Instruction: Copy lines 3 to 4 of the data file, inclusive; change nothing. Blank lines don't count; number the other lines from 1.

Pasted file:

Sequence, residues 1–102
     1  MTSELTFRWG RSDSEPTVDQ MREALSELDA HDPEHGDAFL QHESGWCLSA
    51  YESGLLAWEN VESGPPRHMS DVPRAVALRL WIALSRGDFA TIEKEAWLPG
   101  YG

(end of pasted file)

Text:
    51  YESGLLAWEN VESGPPRHMS DVPRAVALRL WIALSRGDFA TIEKEAWLPG
   101  YG